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Eur J Clin Nutr. 1996 Jul;50 Suppl 3:S57-61.

Epidemiological evidence for beta-carotene in prevention of cancer and cardiovascular disease.

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TNO Nutrition and Food Research Institute, Department of Physiology and Kinetics, Zeist, Netherlands.



This article gives an overview of observational and experimental epidemiological studies relating beta-carotene to risk of cancer and cardiovascular disease. Observational epidemiological studies have consistently shown that a diet rich in beta-carotene-rich fruits and vegetables or high blood levels of beta-carotene are associated with a reduced risk of cancer at a number of common sites, such as lung and stomach. For other cancer sites, such as prostate and breast, the observational evidence is not very consistent or absent altogether. For cardiovascular disease, observational studies are less numerous but do point to a protective effect of high beta-carotene intake. The associations from observational epidemiology may indeed be ascribed to beta-carotene, since a number of plausible preventive mechanisms have been demonstrated for cancer as well as cardiovascular disease. However, observational epidemiology cannot resolve the question whether other constituents from fruits and vegetables or other factors may explain the findings from the case-control and cohort studies. The results of intervention studies undertaken so far are disappointing and do not indicate a preventive potential for beta-carotene. Further intervention trials with longer follow-up may be needed to elucidate whether beta-carotene is protective against certain forms of cancer and against cardiovascular disease.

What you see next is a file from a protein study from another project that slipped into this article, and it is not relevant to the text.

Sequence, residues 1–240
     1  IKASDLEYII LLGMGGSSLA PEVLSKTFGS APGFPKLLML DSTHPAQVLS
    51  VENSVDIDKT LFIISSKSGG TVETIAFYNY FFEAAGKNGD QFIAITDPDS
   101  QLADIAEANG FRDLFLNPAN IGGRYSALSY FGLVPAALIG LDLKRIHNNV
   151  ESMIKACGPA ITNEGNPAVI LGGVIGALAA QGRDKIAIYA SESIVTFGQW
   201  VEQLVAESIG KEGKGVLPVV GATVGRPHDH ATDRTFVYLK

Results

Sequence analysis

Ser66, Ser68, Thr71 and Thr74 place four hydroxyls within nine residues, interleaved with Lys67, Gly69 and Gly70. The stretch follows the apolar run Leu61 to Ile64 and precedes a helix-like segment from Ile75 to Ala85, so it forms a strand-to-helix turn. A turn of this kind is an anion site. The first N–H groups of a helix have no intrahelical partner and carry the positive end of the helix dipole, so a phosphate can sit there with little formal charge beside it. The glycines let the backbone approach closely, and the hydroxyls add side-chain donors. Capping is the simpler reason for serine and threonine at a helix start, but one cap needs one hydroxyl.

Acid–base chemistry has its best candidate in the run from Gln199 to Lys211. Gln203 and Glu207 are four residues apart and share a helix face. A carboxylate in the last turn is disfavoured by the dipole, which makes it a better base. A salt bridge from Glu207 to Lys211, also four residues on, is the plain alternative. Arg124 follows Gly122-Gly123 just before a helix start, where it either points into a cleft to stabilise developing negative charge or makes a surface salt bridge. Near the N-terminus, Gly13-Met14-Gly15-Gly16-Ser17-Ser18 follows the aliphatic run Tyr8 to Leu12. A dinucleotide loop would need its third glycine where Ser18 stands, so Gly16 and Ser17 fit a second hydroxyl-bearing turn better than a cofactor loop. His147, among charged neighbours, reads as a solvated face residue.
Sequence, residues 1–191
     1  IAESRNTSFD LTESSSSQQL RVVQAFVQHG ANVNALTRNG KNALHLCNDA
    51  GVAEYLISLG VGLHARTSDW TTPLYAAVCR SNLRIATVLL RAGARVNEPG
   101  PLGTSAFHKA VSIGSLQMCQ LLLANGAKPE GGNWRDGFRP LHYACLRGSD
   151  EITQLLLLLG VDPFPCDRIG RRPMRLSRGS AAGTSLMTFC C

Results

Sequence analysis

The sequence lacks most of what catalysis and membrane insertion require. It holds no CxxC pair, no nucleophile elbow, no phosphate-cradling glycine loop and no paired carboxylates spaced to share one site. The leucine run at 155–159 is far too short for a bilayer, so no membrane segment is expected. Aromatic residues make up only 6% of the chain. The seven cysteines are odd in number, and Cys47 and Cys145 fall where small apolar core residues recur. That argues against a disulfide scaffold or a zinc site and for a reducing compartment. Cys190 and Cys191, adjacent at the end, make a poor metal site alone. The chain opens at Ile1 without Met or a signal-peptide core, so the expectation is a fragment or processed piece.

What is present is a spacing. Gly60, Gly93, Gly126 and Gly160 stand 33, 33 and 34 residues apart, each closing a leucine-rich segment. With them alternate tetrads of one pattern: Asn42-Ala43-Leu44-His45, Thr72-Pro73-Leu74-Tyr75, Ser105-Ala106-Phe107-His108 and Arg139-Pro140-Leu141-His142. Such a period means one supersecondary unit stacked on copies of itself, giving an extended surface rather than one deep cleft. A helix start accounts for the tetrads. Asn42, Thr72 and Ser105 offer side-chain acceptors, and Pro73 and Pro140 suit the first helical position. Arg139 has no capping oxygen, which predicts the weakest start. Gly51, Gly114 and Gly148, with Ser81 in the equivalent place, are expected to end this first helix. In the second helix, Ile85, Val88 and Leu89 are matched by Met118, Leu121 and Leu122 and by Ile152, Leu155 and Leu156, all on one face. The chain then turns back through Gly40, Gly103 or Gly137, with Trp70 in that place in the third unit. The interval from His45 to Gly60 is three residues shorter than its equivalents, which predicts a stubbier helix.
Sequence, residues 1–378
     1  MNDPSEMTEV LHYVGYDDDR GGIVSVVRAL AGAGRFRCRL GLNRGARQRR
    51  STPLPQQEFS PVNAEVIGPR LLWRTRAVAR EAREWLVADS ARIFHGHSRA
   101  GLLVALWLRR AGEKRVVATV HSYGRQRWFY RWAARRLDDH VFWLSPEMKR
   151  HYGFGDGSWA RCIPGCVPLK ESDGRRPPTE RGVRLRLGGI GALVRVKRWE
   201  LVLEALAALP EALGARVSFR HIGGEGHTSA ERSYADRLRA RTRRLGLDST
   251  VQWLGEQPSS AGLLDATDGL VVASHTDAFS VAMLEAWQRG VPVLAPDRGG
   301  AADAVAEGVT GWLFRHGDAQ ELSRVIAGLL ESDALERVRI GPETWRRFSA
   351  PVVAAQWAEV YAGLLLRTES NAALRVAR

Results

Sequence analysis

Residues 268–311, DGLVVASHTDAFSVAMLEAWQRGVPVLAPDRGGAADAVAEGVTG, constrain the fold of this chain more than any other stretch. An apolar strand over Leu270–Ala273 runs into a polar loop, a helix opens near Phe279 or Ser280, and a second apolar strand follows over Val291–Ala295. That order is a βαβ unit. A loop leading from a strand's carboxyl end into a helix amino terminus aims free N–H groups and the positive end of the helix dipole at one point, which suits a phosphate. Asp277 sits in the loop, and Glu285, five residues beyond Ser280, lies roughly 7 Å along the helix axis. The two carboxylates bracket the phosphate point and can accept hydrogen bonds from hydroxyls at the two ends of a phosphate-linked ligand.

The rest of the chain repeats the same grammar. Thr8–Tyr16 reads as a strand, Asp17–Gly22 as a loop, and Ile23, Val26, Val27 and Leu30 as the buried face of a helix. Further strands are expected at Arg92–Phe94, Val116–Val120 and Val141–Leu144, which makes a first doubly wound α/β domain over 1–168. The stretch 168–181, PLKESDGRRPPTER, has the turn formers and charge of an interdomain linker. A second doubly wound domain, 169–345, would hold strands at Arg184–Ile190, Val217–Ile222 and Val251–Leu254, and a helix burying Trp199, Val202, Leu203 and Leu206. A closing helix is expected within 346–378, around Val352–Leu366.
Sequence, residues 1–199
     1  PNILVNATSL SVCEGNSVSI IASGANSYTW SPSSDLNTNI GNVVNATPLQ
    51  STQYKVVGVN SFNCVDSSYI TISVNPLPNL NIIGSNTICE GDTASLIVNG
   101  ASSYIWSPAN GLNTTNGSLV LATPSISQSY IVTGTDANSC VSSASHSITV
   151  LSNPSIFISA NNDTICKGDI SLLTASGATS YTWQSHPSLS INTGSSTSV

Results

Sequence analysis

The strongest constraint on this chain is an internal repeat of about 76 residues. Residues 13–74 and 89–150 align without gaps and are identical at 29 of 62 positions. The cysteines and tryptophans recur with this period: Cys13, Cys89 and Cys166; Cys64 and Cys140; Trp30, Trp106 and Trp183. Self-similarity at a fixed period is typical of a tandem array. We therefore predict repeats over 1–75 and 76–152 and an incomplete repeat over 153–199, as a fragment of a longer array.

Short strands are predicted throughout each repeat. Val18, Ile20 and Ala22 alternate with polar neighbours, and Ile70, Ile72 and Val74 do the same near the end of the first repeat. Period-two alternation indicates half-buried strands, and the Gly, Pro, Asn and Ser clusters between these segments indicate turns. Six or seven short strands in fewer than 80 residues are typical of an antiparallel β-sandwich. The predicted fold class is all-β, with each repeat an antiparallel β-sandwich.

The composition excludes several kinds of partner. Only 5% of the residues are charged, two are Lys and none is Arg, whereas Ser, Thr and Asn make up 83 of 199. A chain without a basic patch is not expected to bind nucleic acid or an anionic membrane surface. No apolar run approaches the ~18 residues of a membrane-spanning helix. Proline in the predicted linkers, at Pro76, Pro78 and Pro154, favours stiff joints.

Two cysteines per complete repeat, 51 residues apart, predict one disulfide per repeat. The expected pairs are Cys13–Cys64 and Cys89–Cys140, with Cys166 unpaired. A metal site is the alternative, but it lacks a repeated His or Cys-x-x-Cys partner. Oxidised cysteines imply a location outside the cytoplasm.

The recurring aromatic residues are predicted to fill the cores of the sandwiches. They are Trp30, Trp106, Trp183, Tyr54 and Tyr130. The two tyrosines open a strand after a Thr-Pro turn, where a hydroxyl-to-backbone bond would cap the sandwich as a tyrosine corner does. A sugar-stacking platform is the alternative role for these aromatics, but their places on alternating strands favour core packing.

[Indexed for MEDLINE]

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